Monday, May 20, 2013

More on The Ideal Workspace

Yesterday's post on studio space seemed to resonate with readers.  FLIP heard from a couple of art department veterans.  

Fred Cline's credits include The Little Mermaid, Bebe's Kids. Space Jam, and Robot Chicken.  Fred told FLIP:

"For me, there is a distraction issue any time there is shared space, and there is an isolation issue every time there is individual space. As for me, if I am storyboarding, I like to share space because it's easy to get a sort of tunnel vision where you are focusing on your own section of the film and not considering the whole picture. Sharing space as a storyboard artist gives a constant reminder of progress on other sections of the film. If I am designing or doing art direction, I need lack of distraction (or isolation) in order to accomplish the most in a limited amount of time. Apart from that, all I really need is an ergonomic chair, and a cintiq. I've found that a central seating area with coffee table and sofa/upholstered chair seating group adds to the collaborative process."

Brian McEntee's credits include The Brave Little Toaster, Beauty and the Beast, Cats Don't Dance, and Ice Age.  Brian told FLIP:

"The old saw "form follows function"is what it's about for me. Depending on what is the task at hand, an ideal workspace can vary. For example, if you are collaborating on storyboards, a common workspace with a large table in the center surrounded by private cubicles or offices would seem ideal. Then board artists can work together or privately as the needs change.

As a Production Designer/Art Director, a cubicle or shared space would not suffice. I need a door I can close. Part of the job is managerial and sometimes requires private conversations--this is true of any lead supervisor position. It was best when I had use of a small conference room nearby for group meetings too, like with the background department or character designers or layout department, or when the director(s) and I needed to go over things.

I also need some natural light in my office--it's better for looking at color artwork, unless it is digital and on monitor display, so good light-blocking blinds are needed as well. I like to work on both flat surface and on a tilted animation desktop. I prefer my animation desk to be elevated and have a high chair so I have the option to either stand or sit while I draw. Drawing is easier on an animation desk but a flat table is better for using pigments, markers, and other rendering materials--these things will roll off of a tilted top.

I amass a lot of reference books and materials, so shelf space and an armchair help. Available wallspace should be covered with cork board and a coffee can of push pins needs to be at hand. I also would want the room colors to be neutral midtones--it displays the artwork well and minimizes visual distractions.

Internet connectivity is a must--Google Image Search is my friend. Internal email and file sharing in big productions save steps.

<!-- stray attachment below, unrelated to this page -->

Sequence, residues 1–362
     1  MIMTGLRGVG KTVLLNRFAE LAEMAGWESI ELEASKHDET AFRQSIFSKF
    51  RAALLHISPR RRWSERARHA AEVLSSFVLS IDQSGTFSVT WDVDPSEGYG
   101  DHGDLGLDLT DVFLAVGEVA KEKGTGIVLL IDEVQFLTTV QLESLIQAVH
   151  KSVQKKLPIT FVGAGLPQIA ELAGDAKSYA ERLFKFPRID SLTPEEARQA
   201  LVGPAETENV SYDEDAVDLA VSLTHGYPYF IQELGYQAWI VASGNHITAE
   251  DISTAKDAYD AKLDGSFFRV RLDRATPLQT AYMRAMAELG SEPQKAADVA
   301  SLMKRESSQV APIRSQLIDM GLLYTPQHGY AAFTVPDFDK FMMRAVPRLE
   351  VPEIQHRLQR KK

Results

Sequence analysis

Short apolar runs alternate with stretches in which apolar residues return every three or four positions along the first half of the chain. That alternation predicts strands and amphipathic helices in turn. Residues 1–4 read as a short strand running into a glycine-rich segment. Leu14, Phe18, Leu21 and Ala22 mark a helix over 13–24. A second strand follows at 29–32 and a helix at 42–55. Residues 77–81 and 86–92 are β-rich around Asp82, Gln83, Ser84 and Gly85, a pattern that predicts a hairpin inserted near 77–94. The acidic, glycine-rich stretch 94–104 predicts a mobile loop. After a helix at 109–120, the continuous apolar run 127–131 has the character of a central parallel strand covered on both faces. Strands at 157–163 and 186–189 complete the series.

I am not a big fan of "modular" offices for the crew either. Some need quiet and minimal distractions when they work. Others like noise: music, radio chat, etc. Most of the problems on productions I've worked on were due to spill-over of noise or talk or whatever from one workspace to the next. Having the option to work in a common area is pretty ideal--even a private office can be too small to sort boards, organize notes and papers, and collaboratively draw with others. For cubicles to work the dividers need to be tall enough to at least create visual privacy.

If areas must be shared then I think situations of 2 or 3 to a larger room is a better way to go than a big open floor plan and rows of cubicles. It is easier to negotiate one's personal space with a few roommates than with the whole crew."

Oscar winner Ralph Eggleston  said, " I like an easily accessible office, a large drawing table, with lots of surface space to store paint, chalk, brushes, pencil sharpener, tape, reference, and artwork. 2 lights on adjustable arms on the edge of the desk. I like to have a couple of 4 x 4 Storyboards to hang above my desk, side by side, more if I have room. I like to have several shelves of books of my own for reference or inspiration. I have a Craftsman rolling tool bin to store art supplies. On another work desk, I have a computer with a color corrected screen for digital work, which I do more and more of. And I have headphones. I tend to not to listen to music when I'm planning, but when I'm executing work, I listen to a lot of music--mostly classical.
A lot of artists like natural light--and while I do appreciate having it available, for some reason, I like artificial light to work in. I think it has to do with the "theatrical" feeling of the work I'm usually trying to produce.

I also like common rooms....a room with a large table you can make a mess on with groups of people. This kind of room is great for "jam sessions" where we're trying to glue disparate ideas together into a cohesive whole. We can pin up bits and pieces that work, and find some sort of order out of the chaos.

And I like hanging artwork up in the halls. Especially current production art and early inspirational art. It helps in keeping core ideas alive, both for myself, the crew, and the directors. You never know where a good idea might come from, even if it's an old idea seen in a new light!"

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